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Barclay v. Florida
United States Supreme Court
463 U.S. 939, 103 S. Ct. 3418, 77 L. Ed. 2d 1134 (1983)
Elwood Barclay (defendant) was a member of the Black Liberation Army. The Black Liberation Army intended to start a race war. On the day of the murder for which Barclay was convicted, Barclay and several other members sought to kill a White person to further their intention to cause a race war. The group found Stephen Orlando, who had been hitch-hiking. They took Orlando to an isolated location. Barclay repeatedly stabbed Orlando. Fellow member, Dougan shot Orlando twice in the head and killed him. Dougan left a note on Orlando’s body that consisted of inflammatory language and a gloating description of the murder. A jury convicted Barclay and Dougan of first-degree murder. A sentencing hearing was held. The jury advised a death sentence for Dougan and life imprisonment for Barclay. The judge rejected the life-imprisonment advisement and imposed death sentences on both men. Two of the other men involved were convicted of second-degree murder. Another man pleaded guilty to second-degree murder. The trial judge found a number of aggravating circumstances to be present for Barclay. The trial judge did not find any mitigating circumstances and determined that Barclay’s significant criminal record was an aggravating circumstance and not a mitigating circumstance. The trial judge also found that Barclay’s breaking-and-entering conviction was an aggravating factor despite the lack of any indication it involved violence or the threat of violence. The Florida Supreme Court automatically reviewed Barclay’s death sentence. The Florida Supreme Court conducted a harmless-error analysis of the sentencing order. Despite the trial court judge’s improper consideration of two improper aggravating circumstances (Barclay’s criminal record and the breaking-and-entering conviction could not be considered aggravating factors under state law), the Florida Supreme Court held that such improper consideration was harmless. Barclay appealed to the United States Supreme Court.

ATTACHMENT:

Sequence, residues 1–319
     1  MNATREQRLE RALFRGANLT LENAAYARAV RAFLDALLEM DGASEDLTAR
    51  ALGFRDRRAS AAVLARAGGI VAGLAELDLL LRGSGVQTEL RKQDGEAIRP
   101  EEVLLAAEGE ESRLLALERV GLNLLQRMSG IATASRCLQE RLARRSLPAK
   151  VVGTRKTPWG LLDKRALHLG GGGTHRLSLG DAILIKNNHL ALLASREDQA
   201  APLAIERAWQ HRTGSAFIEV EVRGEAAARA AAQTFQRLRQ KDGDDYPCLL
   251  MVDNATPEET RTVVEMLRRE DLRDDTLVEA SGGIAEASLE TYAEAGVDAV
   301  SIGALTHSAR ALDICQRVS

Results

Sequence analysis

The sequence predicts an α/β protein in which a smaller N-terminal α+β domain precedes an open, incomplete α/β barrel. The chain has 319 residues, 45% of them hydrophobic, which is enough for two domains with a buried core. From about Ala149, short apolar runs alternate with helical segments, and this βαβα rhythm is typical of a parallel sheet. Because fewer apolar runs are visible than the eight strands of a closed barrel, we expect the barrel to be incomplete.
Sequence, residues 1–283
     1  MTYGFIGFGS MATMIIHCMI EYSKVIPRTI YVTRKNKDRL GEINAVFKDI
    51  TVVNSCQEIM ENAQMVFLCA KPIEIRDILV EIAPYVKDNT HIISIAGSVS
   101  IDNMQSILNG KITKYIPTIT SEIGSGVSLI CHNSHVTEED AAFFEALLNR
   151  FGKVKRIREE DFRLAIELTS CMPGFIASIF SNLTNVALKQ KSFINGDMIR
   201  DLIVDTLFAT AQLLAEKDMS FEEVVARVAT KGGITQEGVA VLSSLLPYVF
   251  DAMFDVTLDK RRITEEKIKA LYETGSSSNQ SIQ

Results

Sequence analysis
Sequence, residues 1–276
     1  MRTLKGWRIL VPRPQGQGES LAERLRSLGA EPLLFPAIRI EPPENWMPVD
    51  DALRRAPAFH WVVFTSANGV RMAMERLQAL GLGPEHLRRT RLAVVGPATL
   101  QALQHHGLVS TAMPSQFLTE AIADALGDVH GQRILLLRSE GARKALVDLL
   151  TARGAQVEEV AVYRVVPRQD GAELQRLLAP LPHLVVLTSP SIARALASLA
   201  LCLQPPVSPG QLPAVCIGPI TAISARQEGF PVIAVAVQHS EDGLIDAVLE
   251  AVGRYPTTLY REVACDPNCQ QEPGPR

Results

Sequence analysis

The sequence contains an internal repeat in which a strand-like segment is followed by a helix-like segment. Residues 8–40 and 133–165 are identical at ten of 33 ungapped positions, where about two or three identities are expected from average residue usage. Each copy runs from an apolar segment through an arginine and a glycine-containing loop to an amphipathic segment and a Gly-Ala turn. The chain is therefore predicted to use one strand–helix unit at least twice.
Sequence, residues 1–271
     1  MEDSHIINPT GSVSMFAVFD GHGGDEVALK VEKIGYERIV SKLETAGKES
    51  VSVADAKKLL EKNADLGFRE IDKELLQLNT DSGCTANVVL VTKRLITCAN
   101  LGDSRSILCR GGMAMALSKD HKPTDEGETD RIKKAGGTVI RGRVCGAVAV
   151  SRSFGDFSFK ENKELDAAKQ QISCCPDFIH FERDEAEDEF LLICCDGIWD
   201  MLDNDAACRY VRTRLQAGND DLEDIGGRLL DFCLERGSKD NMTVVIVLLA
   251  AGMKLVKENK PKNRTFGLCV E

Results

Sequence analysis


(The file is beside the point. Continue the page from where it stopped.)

Rule of Law
Holding and Reasoning (Rehnquist, J.)
Concurrence (Stevens, J.)
Dissent (Marshall, J.)
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